Neocons to the Front: Five Reasons Not to Intervene in Syria Now
Neoconservative enthusiasm for intervention, perhaps somewhat dimmed by years of death, destruction, and failure in Afghanistan and Iraq, was reinvigorated by the fall of Gaddafi.
By Steve Breyman (about the author) Oct. 1, 2012 opednews.com
US or other intervention in the Syrian civil war is far more likely to lead to the spread rather than containment of the conflict, including in Iraq and Lebanon. Look at Doran and Boot’s example of Libya. Gaddafi’s fall led directly to the Tuareg rebellion in Mali, further complicated now by the role played by Islamists, some allied with al-Qaeda, and the military coup in Bamako. But when did a neocon ever care for a place without oil or resistance to Israel?
Third, Doran and Boot argue the US should “train and equip reliable partners within Syria’s internal opposition.” This will lead, they contend, to “a bulwark against extremist groups like al-Qaeda which are present and seeking safe havens in ungoverned corners of Syria.” Sound familiar? The neocons are desperately seeking a Syrian Ahmed Chalabi. Just as in Iraq, al-Qaeda was nowhere to be found prior to the onset of the conflict. The recent arrival of suicide bombings in Damascus has neocons double down. “Train and equip”? “Reliable partners”? As in Afghanistan? “Reliable” for what? Who might these people be? Will the neocons get to vet them?
Fourth, dumping Assad “could improve relations with key allies like Turkey and Qatar.” Turkish and Qatari officials complain that the US provides the Syrian opposition nary the bullet or gun to fire it but mere nonlethal assistance. If it were up to Turkish and Qatari leaders, so say Doran and Boot, the US would establish a no-fly-zone and “safe zones” for internal Syrian refugees. “Better relations with Qatar now!’ reads the neocon rallying cry. The Turks have a half million men under arms. Their Air Force includes F-16s, drones, mid-air refuelers and AWACs craft (parts of a fleet larger than that of Germany, France or Italy). Doran and Boot should send a version of their op-ed to an Ankara or Istanbul paper calling for Turkish leadership of the mission. Chances are the Erdogan government is not interested in attacking a neighbor with which it is not at war.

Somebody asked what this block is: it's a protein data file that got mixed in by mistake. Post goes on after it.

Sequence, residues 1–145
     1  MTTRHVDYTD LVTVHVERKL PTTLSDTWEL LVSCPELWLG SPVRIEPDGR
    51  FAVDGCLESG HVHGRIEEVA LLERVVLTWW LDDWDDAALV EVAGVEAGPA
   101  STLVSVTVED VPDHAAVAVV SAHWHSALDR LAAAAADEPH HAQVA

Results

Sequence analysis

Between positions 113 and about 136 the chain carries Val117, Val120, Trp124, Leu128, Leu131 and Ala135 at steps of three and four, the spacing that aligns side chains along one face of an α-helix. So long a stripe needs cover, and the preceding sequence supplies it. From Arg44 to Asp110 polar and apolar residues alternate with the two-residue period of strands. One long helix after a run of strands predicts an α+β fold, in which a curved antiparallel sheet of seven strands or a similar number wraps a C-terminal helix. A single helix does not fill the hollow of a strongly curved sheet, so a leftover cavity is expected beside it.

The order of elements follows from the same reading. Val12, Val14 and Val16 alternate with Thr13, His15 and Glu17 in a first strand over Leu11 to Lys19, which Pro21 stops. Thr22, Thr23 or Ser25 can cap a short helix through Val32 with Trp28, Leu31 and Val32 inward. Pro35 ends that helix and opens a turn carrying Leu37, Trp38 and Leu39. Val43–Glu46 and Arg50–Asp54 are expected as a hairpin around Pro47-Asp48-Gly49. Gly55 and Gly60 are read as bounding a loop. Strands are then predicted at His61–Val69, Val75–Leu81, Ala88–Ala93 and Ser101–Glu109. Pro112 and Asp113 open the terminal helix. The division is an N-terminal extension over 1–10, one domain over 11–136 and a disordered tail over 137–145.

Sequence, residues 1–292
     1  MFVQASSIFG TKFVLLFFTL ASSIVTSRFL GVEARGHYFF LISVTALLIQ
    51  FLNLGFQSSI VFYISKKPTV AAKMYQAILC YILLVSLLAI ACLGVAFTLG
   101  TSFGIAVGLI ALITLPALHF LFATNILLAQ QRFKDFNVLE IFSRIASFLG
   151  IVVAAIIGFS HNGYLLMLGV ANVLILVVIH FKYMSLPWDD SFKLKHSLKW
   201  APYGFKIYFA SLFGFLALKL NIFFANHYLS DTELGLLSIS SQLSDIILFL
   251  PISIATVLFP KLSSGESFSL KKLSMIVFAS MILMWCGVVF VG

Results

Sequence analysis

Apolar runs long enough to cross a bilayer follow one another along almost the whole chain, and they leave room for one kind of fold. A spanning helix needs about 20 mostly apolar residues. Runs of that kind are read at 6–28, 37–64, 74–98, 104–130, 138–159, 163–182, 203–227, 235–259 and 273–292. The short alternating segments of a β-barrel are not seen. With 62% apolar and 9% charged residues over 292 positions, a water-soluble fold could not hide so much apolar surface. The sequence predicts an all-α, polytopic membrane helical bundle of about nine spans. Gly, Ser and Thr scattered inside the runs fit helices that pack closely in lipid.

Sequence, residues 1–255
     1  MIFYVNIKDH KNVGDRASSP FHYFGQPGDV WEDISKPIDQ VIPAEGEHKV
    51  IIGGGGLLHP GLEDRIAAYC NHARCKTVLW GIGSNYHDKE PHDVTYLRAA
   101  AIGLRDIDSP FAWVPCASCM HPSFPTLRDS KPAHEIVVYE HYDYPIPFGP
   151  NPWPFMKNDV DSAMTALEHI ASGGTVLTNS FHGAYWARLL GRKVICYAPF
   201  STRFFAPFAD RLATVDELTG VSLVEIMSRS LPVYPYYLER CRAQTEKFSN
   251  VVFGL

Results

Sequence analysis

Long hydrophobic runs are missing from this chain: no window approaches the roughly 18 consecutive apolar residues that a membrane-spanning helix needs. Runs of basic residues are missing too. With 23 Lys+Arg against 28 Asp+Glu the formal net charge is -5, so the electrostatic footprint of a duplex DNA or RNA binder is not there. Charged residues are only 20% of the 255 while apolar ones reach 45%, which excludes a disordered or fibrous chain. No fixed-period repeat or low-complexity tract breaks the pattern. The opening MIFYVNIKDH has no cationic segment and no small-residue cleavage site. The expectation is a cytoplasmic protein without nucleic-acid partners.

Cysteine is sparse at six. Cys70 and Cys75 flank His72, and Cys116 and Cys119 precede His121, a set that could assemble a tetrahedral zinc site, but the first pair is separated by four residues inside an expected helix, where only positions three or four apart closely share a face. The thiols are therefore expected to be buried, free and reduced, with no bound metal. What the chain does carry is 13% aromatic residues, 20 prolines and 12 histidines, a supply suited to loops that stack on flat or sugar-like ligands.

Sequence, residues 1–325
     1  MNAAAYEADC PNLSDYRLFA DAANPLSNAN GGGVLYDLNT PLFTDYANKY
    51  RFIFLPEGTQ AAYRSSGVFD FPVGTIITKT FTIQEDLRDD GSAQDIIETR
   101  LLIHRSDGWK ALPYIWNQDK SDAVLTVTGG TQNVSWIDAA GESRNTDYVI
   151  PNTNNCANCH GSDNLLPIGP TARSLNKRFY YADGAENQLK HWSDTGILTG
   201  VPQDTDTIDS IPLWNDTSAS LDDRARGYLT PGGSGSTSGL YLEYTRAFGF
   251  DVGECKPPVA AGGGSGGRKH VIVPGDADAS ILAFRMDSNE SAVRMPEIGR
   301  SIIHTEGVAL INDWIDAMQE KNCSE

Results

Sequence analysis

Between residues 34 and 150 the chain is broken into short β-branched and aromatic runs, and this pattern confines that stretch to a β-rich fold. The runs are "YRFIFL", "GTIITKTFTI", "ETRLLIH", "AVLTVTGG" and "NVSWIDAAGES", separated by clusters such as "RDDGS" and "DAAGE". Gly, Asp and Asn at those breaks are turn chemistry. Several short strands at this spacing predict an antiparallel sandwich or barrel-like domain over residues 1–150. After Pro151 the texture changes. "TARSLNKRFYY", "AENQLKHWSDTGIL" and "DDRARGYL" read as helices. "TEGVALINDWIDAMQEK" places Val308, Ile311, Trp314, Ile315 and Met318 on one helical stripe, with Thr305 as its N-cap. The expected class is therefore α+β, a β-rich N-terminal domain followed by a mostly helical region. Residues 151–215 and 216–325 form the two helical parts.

Fifth, Doran and Boot remember the horrors inflicted on Syrians by Assad’s agents. They remind President Obama of his recent promise “to foresee, prevent and respond to genocide and mass atrocities.” They propose “putting allies in the lead” while avoiding the “slippery slope toward a ground war.” You believed neocons had learned nothing from Afghanistan or Iraq. But they have: their enthusiasm for drone strikes in Pakistan and Yemen, and air attacks on Iran and Syria is evidence. Screw boots on the ground, we’ll whack “em from afar.
The neocon case for intervention in Syria concludes with some analysis and a plan. They list “our closest friends in the region”–Saudi Arabia, Turkey, Jordan, Qatar and Israel–plus the EuroImperial Duo of Britain and France as champing at the bit to begin the bombing. Doran and Boot place no store by UN action nor believe the Free Syrian Army capable of toppling Assad–“it is not a cohesive organization.” Instead, “America must identify those forces on the ground that are the most effective, easily supplied and amenable to help.”
Their recommendation is for the US and its local friends to violate the UN Charter and other international law by attacking a United Nations member without Security Council permission. Doran and Boot’s enthusiasm for Operation Unified Protector in Libya does not extend to a Security Council Resolution to legally enable similar action in Syria. This is for the practical reason that neither Russia nor China share their enthusiasm. Much of the Chinese and Russian reticence may be explained by their reasonable assessment that NATO & Co. exceeded its UN mandate in Libya. The Security Council’s “responsibility to protect” in Libya did not include, argue Moscow and Beijing, acting as the Libyan rebels’ air force for offensive action against Gaddafi’s military. R2P does not include regime change.
Doran and Boot’s suggestion to avoid the Free Syrian Army but find someone on the ground to supply with guns and bombs is typical neocon loopiness. Courageous Syrians have demonstrated against and fought Assad for a year and a half. If the CIA and other “special operators” have yet to identify a “cohesive organization” that meets Doran and Boot’s loose criteria for lethal aid, what makes them think it’s any more likely now? Osama bin Laden was once “amenable to help” from the United States.
Doran and Boot are, like their fellow neoconservatives, unable to resist the temptation to play strategist and field commander. Their plan would have the US and Turkey combine to create a corridor for humanitarian aid and military materiel from Aleppo (which they mistakenly identify as Syria’s second largest city; it’s the most populous) to the nearby Turkish border. Following the liberation of Aleppo, the US should cooperate with Jordan to open a second corridor between Damascus and Dara’a to “serve as the southern base of the insurgency.”
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Steve Breyman is Associate Professor of Science and Technology Studies at Rensselaer Polytechnic Institute in Troy, New York.